The storyline is hot my absolute favorite, featuring a protagonist who is struggling with amnesia to start, though it does get more interesting over time. Lt. Kai Tana looks and feels a bit like Samus in her zero suit with the blue clothing and blonde hair, but the gameplay style is quite different than what you would see in a Metroid title.
The graphics are generally good. This is an indie effort and not a AAA studio, so I am not expecting Call of Duty realism here. I can really appreciate the visual direction, which is fast and smooth. The colors and detail actually reminded me of Transistor quite a bit, which was another great indie game. The music is also excellent, with a great driving beat most of the time (composed by Joris de Man of Killzone fame).
So to begin, the flying sequences are of the continually scrolling variety. The challenge comes from darting around obstacles using quick reflexes and also good strategy as you incorporate not only different types of attacks while fending off a variety of enemies, but tools like a teleporter that allows you to zip in and out of trouble as passages come to an end but new ones open up. There is also the option to speed up the scroll of the screen - ideal for racking up a better completion time but also ideal for getting your ship wrecked along the way, so striking a true balance between the two is key.
To be honest, the shooter portions could have made up a solid game on their own, but I much preferred when Lt. Kai gets down and dirty and the game becomes an action platformer. The pace is even faster, and the learned abilities are a bit more interesting. Despite both modes taking place on a 2D plane, it feels like there is a bit more control and a bit more 'going on' in this mode.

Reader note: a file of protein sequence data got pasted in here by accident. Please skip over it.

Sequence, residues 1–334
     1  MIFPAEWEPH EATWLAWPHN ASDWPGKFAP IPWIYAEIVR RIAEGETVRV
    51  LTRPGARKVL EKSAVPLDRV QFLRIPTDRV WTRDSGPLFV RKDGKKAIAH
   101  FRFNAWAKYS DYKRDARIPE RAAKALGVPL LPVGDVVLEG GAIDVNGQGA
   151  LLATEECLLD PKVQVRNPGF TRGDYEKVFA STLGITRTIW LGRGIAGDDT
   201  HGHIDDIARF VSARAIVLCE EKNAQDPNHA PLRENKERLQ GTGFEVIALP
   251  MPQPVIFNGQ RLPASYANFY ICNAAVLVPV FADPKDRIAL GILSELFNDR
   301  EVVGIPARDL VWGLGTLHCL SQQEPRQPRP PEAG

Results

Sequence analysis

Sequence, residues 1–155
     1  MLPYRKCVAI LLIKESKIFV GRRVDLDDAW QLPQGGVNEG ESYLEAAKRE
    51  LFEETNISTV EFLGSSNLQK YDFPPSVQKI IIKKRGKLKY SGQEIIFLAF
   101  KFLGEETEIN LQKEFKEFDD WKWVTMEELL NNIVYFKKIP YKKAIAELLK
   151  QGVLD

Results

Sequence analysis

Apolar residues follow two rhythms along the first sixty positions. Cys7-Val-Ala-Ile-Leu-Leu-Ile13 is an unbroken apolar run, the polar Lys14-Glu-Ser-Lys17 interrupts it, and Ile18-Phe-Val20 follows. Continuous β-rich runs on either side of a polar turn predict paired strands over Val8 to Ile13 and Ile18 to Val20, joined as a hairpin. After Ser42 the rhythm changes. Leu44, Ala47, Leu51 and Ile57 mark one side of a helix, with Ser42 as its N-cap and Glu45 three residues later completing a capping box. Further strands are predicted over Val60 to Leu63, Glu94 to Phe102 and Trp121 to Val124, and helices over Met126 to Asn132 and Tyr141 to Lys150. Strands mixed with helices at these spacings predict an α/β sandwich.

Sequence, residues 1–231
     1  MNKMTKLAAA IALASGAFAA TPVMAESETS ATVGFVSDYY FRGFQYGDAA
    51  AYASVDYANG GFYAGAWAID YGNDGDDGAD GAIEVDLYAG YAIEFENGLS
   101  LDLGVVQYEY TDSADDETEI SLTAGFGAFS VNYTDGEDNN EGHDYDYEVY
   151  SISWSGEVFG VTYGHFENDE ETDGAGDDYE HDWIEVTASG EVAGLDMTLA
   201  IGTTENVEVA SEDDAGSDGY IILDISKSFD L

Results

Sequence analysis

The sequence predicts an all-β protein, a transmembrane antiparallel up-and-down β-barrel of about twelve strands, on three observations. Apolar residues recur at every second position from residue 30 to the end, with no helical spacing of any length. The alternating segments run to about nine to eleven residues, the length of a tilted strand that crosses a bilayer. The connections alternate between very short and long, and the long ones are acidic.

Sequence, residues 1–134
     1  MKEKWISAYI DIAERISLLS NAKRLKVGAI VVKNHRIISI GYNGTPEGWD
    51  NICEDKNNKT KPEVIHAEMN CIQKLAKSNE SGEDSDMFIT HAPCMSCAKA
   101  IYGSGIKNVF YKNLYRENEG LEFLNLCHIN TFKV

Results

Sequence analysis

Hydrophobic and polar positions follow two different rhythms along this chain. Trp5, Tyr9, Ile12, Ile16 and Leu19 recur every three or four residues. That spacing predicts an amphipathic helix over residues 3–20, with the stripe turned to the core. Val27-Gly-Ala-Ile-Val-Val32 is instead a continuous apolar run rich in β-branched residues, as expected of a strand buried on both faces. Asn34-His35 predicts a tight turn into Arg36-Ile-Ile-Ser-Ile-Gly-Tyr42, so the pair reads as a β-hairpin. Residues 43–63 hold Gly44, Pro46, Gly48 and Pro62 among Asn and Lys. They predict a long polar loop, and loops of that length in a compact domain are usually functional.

Both modes rely on a scoring system that takes into account enemies killed, orbs collected and time to completion. Both also work in quite a few puzzling elements, encouraging you to go back and replay earlier levels. Sometimes your new skills and powers will simply allow you to get a better score because you are better able to handle the challenges, and in other instances you might find yourself gaining access to a hidden level or surprise.
These puzzle elements are trickled into the space ship sections as well, as certain triggers need to be blown up in a specific order to advance. This may require that you take out the first two in your ship, then to dock and move indoors to take out the next three, then to hop back out into the ship to proceed forward.
This same approach is taken for the epic boss battles, where you are often doing battle from both the outside - and within. The pace changes up just frequently enough to help Velocity keep from getting stale, but not so often that the game never gets a chance to establish any sort of a real tempo.
Unfortunately things are not perfect. The story wound up improving over time, but is never a terribly gripping narrative. Also, the controls can be a bit tricky at times. Not that they are bad, but there is a lack of consistency between the same modes. With the shooting mechanic mapped to the right stick (with good reason) on the platforming portion, it is odd then to see the shooting button do something completely different when moving from ship to person. It would have been nice if the default button mapping had been consistent between the two modes, but if that is one of the worst things about this game, then Velocity 2X has an awful lot going for it.
Review by Nick